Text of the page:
Economic recovery continuing says Bank of England
Lai Wah Co, Deputy Agent for Greater London of the Bank of England, discusses how the UK economy has been recovering rapidly from the severe effects of Covid.
In the latest Monetary Policy Report, our forecasts show that the recovery looks set to continue, as people become more confident about spending.
Many of my contacts at shops, pubs, cafes, and other businesses across Greater London say that vaccines and the lifting of restrictions are already boosting their customers’ confidence.
The UK economy is forecast to get to the size it was before the pandemic towards the end of this year.
That’s a strong recovery when you consider that it shrank by 22% (and by 19% in Greater London) in the first half of 2020.
But it means nearly two years of no growth due to the pandemic, illustrating how tough a period it has been for many households and businesses.
We have been doing all we can to support the economy and speed the recovery.
We cut our Bank Rate—the interest rate that many loans are linked to—to a record low of 0.10% in March 2020, and we have kept it there.
And our quantitative easing (QE) programme, is helping to keep the interest rates on mortgages and business loans low.
Lower interest rates mean cheaper loans for households and businesses, leaving them with more money to spend on goods and services, on investment, and on jobs.
Although unemployment has risen—in Greater London, the unemployment rate was 6.5% in March-May 2021, compared with 4.3% in October-December 2019—there hasn’t been the really big rise that was a real worry last year.
That’s mainly because the government’s furlough scheme has helped many people stay in their jobs.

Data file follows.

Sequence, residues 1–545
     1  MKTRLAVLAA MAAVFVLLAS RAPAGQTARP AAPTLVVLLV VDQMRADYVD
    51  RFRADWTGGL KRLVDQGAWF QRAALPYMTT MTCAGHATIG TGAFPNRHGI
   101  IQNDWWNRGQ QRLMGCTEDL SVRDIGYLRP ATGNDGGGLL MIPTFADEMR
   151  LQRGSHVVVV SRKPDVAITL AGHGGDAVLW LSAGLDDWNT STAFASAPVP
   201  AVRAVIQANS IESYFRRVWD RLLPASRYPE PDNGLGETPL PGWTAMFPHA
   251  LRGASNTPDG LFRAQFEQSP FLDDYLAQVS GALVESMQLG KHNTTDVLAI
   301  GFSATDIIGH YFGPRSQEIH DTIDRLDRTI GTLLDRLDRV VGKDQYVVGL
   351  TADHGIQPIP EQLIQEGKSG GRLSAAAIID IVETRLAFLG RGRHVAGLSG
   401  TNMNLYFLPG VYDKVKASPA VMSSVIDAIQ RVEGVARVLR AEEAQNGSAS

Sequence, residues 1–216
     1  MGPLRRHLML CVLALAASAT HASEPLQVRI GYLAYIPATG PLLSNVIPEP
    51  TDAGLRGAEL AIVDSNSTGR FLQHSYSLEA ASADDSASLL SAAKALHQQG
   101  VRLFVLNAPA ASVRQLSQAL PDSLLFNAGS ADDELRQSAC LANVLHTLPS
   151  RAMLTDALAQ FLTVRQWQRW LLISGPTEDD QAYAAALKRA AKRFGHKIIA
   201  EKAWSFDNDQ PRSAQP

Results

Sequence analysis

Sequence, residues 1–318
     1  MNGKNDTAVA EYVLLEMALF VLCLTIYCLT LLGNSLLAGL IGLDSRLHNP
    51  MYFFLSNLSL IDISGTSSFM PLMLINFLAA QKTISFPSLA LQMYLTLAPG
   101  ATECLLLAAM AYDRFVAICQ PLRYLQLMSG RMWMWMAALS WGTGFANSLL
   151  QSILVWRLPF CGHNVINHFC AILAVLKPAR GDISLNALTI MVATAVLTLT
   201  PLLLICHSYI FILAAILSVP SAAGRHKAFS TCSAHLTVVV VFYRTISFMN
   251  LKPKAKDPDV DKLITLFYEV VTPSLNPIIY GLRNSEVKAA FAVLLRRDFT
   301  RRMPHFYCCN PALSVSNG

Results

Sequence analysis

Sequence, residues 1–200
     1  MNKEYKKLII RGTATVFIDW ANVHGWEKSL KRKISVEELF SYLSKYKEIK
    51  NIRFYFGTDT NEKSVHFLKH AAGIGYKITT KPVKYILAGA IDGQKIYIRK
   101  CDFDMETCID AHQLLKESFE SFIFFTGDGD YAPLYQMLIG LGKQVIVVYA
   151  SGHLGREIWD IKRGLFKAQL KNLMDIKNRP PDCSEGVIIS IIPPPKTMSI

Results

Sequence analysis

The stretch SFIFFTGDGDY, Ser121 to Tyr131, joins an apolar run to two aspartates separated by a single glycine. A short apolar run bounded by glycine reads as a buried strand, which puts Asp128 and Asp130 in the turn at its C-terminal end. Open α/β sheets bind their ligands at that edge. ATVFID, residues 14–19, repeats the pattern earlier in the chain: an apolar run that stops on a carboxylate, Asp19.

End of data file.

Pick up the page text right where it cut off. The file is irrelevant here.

And now the recovery is starting to bring unemployment back down. Indeed, some of my business contacts have been telling me that they have been finding it very hard to find people for certain jobs, such as lorry drivers, chefs, waiters, digital developers and care home workers.
Contacts have also been reporting that prices of the materials they use and other costs, such as transport, have been rising rapidly this year.
So they are having to increase the prices they charge for their products. In the UK, the prices of the things people typically buy increased by 2.5% between June last year (when prices were low because of Covid) and June this year.
The Monetary Policy Report shows we expect this rate of price inflation to rise further above our 2% target and reach a peak at 4% around the turn of the year.
Across the world, the economic recovery has led to a sharp pick-up in demand for the materials used by businesses, such as oil and steel, and their prices have bounced back from the lows they fell to last year.
In some areas, the pick-up has been so sharp that bottlenecks have developed—for example, a shortage of shipping containers—causing delays in getting materials and goods to where they’re wanted.
We don’t think that demand will continue to rise as fast in future years, and we expect that the bottlenecks will ease.
So our forecast is for inflation to start to fall from the middle of next year and get back to our target in around two years’ time.
We take the risk of persistently higher inflation very seriously, and we are closely monitoring the economy for signs of inflation remaining above target for longer.
The risks to inflation are not all in one direction, however—if growth slows, that might reduce the upward pressure on prices.
All told, the Bank’s Monetary Policy Committee (MPC) judges that the risks around the inflation forecast are broadly balanced.
The MPC will continue to set interest rates to support households and businesses and ensure that inflation gets back to target.
With the help of our contacts here in Greater London and the rest of the UK, I and my fellow Bank of England agents will ensure that the MPC’s decisions, whatever they turn out to be, are based on the facts on the ground.